In a Harvard Business Review paper in the early 1990s, Peter Drucker, the most influential management thinker of the last century, wrote, “It is the individual, and especially the skilled and knowledgeable employee, who decides in large measure what he or she will contribute to the organisation and how great the yield from his or her knowledge will be.” Yet he also conceded that in traditional management systems, personnel usually came in only when there was a true crisis — and often not even then.
Things have moved on since then, but in this era of “human capital,” companies are still grappling with ways to really measure the return on “our greatest asset,” as the cliché has it.
In Talent Portfolio Management, a special report published in July by financial publisher IFR, the authors, human capital experts Philip Whiteley and Paul Aldrich, record a trend among investment banks towards trying to measure humans as investments rather than just costs.
“[The banks] are beginning to introduce a range of metrics, such as attrition of top-quartile performers…and incorporate them into business planning, aided by significantly improved HR information technology,” Whiteley recounts.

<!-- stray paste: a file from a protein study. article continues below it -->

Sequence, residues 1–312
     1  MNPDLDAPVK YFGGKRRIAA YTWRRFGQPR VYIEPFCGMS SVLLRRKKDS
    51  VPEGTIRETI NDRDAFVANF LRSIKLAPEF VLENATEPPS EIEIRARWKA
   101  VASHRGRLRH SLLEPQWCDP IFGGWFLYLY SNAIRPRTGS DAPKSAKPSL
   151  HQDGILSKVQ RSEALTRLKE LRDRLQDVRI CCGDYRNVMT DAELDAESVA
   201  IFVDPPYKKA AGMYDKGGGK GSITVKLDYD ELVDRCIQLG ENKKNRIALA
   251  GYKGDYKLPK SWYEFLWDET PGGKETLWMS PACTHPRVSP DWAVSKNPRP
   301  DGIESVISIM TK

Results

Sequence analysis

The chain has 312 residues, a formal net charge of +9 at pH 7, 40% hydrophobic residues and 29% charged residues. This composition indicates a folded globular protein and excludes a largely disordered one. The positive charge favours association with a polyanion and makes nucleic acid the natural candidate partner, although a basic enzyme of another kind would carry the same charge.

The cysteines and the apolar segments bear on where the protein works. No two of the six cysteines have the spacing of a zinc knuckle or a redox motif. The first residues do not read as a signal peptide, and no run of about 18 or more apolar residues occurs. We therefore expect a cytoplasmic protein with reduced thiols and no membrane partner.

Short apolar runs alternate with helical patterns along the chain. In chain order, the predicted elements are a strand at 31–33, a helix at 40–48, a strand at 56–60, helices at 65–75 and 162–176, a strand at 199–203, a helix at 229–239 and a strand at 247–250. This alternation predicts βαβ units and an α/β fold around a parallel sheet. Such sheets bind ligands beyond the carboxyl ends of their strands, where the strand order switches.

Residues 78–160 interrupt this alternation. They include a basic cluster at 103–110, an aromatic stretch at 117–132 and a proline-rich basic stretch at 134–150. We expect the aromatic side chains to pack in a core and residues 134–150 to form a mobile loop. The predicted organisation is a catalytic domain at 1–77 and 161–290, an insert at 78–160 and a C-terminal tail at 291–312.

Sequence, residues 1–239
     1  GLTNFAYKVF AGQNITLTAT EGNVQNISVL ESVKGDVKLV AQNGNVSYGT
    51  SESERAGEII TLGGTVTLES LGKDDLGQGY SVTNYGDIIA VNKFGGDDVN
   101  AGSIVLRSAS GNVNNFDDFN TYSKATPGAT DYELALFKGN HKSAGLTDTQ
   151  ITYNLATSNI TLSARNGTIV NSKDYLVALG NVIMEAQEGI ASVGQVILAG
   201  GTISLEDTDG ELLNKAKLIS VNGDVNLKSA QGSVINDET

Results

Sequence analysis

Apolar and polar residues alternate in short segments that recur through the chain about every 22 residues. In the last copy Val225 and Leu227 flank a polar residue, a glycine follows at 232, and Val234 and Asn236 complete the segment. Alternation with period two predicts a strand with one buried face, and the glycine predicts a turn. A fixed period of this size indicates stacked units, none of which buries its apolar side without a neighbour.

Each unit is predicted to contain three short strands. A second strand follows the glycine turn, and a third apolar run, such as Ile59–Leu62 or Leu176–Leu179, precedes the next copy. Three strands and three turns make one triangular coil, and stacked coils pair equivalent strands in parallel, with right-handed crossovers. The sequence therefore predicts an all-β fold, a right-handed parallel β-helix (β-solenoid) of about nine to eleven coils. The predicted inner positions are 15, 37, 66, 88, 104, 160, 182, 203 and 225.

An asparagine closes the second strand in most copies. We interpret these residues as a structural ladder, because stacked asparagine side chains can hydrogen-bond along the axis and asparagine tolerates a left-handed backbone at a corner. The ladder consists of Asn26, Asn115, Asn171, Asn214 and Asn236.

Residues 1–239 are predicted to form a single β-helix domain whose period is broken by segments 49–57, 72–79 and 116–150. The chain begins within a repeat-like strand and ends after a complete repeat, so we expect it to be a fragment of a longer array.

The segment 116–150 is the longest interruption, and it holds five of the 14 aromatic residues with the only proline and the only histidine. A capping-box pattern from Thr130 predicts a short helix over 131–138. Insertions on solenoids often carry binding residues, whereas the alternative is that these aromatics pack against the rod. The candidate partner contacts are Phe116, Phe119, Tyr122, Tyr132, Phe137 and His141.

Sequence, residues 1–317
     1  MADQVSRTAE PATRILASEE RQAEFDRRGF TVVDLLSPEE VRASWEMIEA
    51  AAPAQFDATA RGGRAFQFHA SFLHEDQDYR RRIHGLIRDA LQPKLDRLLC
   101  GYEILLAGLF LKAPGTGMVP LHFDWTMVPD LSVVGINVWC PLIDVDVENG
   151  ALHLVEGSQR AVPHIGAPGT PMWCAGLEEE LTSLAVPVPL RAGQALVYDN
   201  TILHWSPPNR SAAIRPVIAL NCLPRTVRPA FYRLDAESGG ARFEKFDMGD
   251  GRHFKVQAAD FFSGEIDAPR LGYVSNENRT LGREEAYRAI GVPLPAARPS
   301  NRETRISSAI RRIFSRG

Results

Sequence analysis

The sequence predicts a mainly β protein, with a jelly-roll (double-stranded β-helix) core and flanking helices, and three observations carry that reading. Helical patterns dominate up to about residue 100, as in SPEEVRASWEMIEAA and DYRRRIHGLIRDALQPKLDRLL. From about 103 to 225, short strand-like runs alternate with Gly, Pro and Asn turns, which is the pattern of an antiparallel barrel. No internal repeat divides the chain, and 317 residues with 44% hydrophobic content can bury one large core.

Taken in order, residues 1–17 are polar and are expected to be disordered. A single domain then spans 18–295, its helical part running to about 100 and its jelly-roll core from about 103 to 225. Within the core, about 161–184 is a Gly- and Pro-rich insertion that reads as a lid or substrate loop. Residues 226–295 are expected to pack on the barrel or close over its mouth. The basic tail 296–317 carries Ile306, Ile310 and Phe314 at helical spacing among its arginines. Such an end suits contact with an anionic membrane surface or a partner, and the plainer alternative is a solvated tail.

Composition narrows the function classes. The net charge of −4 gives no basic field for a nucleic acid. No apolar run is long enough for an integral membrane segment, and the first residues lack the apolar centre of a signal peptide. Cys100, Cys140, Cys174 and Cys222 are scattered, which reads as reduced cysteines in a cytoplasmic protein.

Dawn Nicholson, managing director of human resources at Morgan Stanley, says the bank assesses human capital using a “360-degree review process in which everyone is reviewed by everyone else.” This method measures everything from employees’ management styles to their ability to generate revenue.
Royal Bank of Scotland, a case study in the Whiteley and Aldrich report, declared that “talent-related measures are as much a core part of the operational ‘dashboards’ as P&L for all managers across the group.”
But there is still some way to go. An unidentified investment bank in the study points out: “What’s not covered is a true understanding of the cost to the business of losing people, the drop in continuity. That’s not being modelled today.”
This bank is experimenting with ways to ally HR more closely with business objectives, such as paying bonuses if HR programmes genuinely add value.